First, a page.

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FYC: CHARU SURI'S "THE BOOK OF RAGAS VOL. 2" (JAZZ)

As one of the few female jazz composers from India, Charu Suri, who has been playing the piano since the age of five, is blazing a new trail with her sequel to her acclaimed "Book of Ragas." The second volume combines Western jazz, Eastern Indian ragas as well as Sufi improvisation.

"A first spin of the disc—to ears uninitiated to the music of Indian ragas—reveals sounds which seems as exotic as the Bossa Nova of Getz/Gilberto (Verve) did back in 1964. It also, as did that Bossa Nova shot across our bow, presents an alternate universe beauty, vibrating with life and a sense of hopefulness."- All About Jazz

FYC BOOK OF RAGAS. VOL.2 - INSTRUMENTAL JAZZ ALBUM

RAGA JAUNPURI -- JAZZ IMPROVISED SOLO (Piano)

Jaunpuri

Man Atkeya Beparwah De Nal
Us Deen Duni De Shah De Nal

My soul is entangled with the indifferent one
Lord of all things visible and invisible


Qazi Mullah Matti Dainde
Kharay Siyyane Rah Dasende
Ishq Kee Lagay Rah De Nal

Judgemental ones are full of advice,
The "righteous and wise" prescribe the path,
But Love needs no guidance from anyone

Asavari

 

Sud ragey jaan ko taab de baham

Teri zulf ka ik taar kiya

 

A hundred veins of life (jugulars) woven together

Are still less valuable than a single strand of my beloved's hair

 

Sakht kafir tha jis ne pehle meer

Mazhab-e-ishq ikhtiyar kia

 

This unbelief and disbelief is reserved for those

apostates who converted to the religion of love

Aaj Rang Hai (Today There is Color)

 

Aaj rung hai hey maan rung hai ri
Moray mehboob kay ghar rang hai ri
Sajan milaavra, sajan milaavra,
Sajan milaavra moray aangan ko
Aaj rung hai........
Mohay pir paayo Nijamudin aulia
Nijamudin aulia mohay pir payoo
Des bades mein dhoondh phiree hoon
Toraa rung man bhayo ri......,
Jag ujiyaaro, jagat ujiyaaro,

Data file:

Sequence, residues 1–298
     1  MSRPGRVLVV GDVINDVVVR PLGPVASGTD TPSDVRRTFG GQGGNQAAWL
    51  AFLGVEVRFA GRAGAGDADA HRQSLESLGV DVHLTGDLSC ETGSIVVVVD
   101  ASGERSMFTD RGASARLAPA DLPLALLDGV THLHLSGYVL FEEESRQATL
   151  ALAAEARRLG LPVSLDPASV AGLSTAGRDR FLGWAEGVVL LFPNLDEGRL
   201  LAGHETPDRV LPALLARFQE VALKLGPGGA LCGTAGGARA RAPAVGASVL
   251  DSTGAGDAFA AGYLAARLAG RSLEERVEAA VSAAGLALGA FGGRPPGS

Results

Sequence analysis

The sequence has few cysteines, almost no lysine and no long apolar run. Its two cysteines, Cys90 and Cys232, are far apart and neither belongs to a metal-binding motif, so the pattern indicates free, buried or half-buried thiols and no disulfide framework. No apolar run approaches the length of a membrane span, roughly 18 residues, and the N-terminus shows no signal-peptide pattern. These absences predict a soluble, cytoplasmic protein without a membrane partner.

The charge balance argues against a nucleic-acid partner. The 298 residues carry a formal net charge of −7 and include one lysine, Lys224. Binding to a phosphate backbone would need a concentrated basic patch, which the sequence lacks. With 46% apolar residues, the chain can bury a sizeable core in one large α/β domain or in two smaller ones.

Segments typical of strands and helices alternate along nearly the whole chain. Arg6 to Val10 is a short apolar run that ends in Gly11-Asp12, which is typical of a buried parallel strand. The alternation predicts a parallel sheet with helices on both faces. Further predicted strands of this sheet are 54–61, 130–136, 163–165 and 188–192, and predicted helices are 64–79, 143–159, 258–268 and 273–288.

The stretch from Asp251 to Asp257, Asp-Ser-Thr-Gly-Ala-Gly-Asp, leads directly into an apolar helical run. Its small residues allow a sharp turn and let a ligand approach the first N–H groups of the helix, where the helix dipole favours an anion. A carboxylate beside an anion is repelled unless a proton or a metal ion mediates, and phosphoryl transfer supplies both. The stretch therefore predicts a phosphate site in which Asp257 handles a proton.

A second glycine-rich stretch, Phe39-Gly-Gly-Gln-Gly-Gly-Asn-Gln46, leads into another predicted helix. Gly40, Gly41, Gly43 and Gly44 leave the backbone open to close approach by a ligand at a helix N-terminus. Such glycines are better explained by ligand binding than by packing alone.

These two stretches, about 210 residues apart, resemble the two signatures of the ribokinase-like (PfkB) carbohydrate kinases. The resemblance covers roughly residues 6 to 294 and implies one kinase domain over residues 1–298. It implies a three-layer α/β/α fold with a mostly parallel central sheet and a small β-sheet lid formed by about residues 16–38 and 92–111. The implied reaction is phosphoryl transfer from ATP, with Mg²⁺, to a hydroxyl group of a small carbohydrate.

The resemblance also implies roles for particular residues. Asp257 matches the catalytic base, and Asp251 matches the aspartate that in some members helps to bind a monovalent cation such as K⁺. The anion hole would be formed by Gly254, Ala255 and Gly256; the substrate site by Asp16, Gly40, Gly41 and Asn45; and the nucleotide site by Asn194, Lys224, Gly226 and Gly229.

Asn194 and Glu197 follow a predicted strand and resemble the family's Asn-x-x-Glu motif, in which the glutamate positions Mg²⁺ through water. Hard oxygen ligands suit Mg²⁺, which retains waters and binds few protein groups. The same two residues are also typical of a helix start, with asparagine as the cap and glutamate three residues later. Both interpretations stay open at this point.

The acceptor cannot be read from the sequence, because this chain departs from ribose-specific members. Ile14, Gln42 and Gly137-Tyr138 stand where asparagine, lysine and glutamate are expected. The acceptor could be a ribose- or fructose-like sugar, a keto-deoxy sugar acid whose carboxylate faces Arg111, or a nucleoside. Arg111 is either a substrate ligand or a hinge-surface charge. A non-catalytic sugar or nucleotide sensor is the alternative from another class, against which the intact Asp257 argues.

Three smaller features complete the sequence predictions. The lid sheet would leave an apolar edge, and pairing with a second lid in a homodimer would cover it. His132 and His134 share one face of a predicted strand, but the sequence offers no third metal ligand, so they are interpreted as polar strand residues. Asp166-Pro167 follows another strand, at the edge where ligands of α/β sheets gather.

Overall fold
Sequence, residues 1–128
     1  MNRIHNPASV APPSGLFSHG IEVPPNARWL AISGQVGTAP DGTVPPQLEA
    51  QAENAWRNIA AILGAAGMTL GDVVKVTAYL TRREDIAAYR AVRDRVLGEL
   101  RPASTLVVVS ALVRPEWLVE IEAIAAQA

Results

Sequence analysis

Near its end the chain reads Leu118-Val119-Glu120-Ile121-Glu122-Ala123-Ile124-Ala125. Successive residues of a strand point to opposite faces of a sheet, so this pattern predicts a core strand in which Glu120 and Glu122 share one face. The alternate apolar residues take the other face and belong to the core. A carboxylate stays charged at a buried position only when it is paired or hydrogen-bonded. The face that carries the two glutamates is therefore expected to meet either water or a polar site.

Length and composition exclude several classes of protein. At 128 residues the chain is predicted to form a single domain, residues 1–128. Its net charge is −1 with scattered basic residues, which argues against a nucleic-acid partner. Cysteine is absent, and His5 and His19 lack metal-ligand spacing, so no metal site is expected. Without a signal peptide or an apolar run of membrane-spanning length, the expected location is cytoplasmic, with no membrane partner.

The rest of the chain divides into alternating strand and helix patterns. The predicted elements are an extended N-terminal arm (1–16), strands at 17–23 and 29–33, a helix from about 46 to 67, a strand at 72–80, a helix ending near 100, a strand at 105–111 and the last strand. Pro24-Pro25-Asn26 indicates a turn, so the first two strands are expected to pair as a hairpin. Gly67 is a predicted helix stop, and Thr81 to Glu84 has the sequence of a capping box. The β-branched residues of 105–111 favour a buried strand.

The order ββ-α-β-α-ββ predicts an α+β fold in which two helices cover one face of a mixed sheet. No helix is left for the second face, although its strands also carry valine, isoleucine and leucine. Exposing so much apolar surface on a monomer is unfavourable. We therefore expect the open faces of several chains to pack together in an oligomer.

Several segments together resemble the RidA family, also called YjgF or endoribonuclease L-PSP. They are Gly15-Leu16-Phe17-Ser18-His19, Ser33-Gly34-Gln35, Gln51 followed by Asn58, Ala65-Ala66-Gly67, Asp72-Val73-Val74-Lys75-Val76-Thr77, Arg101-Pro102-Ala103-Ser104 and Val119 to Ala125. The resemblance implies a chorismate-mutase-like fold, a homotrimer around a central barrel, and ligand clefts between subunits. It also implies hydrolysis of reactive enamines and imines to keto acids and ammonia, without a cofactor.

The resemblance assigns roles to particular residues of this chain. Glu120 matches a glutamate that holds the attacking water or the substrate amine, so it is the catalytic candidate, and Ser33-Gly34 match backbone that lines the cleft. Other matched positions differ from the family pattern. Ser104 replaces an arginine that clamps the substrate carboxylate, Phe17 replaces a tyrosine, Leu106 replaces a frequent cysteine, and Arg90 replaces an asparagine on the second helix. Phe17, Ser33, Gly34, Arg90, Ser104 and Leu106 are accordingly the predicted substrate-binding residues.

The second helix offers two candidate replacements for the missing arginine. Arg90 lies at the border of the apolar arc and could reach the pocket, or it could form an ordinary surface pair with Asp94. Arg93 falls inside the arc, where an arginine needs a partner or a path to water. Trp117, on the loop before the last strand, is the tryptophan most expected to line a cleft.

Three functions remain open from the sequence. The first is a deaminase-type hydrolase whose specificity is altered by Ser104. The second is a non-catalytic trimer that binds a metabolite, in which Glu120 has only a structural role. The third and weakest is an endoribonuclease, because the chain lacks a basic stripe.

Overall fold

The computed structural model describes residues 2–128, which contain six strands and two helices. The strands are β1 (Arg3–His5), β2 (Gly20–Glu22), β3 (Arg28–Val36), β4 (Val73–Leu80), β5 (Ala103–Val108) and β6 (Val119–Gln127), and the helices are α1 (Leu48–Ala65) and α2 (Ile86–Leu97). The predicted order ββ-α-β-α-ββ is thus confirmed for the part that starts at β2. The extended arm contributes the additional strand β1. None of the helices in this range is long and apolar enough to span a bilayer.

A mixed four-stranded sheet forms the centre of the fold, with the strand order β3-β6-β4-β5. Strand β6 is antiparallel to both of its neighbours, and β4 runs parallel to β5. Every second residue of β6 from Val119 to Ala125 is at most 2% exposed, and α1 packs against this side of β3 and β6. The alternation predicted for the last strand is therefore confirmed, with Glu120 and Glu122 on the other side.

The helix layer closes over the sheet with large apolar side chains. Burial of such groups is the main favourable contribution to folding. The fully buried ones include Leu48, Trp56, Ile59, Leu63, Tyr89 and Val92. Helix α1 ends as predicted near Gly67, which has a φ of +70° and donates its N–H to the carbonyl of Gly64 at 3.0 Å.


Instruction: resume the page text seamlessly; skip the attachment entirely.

Main to aiso rang aur nahin dekhi ray
Main to jab dekhun moray sung hai,
Aaj rung hai hey maan rung hai ri.

Today there is Color Again,  what a glow;
I’ve found the beloved, yes I found him,
In my courtyard;
I have found my Master.
I roamed around the entire world,
looking for an ideal beloved;
And finally this face has enchanted my heart.
The whole world has been opened for me,
Never seen a glow like this before.
Whenever I see now, he is with me,
Oh beloved, please dye me in your Color;
Dye me in the colour of the spring, beloved;
What a glow, Oh, what a glow.

Sanakarabaranam

 

Piya bina ... piya bina, piya bina basiya
Baaje na, baaje na, baaje na

Without my beloved ... without my beloved

The flute doesn't bring forth the music

 

Aa bhi ja Aa bhi ja aye subha aa bhi ja

raat to kar alvida dilruba aa bhi ja

Come, morning, come.

Come my beloved and say goodbye to the night

THE BOOK OF RAGAS VOL. 2

Sufi Vocals: Falsa (Umer Piracha)

Vibraphone: Jesse Gerbasi

Piano/composer: Charu Suri

Recording, Mixing, Mastering: Brian Chirlo

Recorded at: Sound on Sound, Montclair, NJ

What started as an experiment only a few years ago has blossomed into a life's work for Suri, who fell in love with jazz but wanted to bring her Indian roots to a wider Western audience.

Highlighted by Jazz at Lincoln Center in its new releases roundup, the Book of Ragas vol. 2 features Suri on the piano, Sufi vocals and vibraphone. In this album, a tribute to all morning ragas ---sounds found in India. The vibraphone extends the percussive magic of the piano and adds an ethereal dimension, while Falsa's Sufi layered vocals brings together three distinct cultures all rooted in the art of improvisation. 

After singing several ragas as a child, Suri gravitated to becoming a piano virtuoso, performing everything from Bach to Chopin at concerts. It was only later on as a composer that she yearned to bring the sounds she heard as a child to a wider audience.

The Book of Ragas happened just by chance, when she collaborated with a Sufi singer and the two came out with the first album, a unique combination of Sufi improvisation, carnatic Indian ragas, and jazz.

Vol. 2 pushes the boundaries even more, exploring the beauty and harmonies of morning ragas. They range from energetic (Jaunpuri), melancholic (Asavari), brilliant (Sankarabaranam), to the joyous (Aaj Rang Hai).

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